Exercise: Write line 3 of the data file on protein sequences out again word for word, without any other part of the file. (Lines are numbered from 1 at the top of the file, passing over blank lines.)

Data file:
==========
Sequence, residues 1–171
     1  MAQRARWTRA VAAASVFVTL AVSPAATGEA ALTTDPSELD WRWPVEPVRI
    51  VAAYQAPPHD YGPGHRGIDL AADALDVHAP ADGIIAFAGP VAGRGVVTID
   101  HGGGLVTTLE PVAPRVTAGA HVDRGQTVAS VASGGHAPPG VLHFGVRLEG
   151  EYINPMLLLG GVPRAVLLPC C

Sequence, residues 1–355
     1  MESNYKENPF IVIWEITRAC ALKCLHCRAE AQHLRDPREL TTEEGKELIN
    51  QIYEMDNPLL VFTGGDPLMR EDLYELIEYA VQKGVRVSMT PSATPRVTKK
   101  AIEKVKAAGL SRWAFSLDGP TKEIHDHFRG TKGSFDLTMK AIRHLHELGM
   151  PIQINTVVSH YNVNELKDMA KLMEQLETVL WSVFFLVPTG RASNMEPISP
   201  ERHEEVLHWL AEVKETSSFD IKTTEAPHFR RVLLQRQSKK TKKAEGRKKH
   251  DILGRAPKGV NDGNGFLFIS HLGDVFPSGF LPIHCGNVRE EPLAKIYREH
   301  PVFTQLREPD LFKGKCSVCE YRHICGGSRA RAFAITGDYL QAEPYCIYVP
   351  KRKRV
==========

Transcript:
    51  VAAYQAPPHD YGPGHRGIDL AADALDVHAP ADGIIAFAGP VAGRGVVTID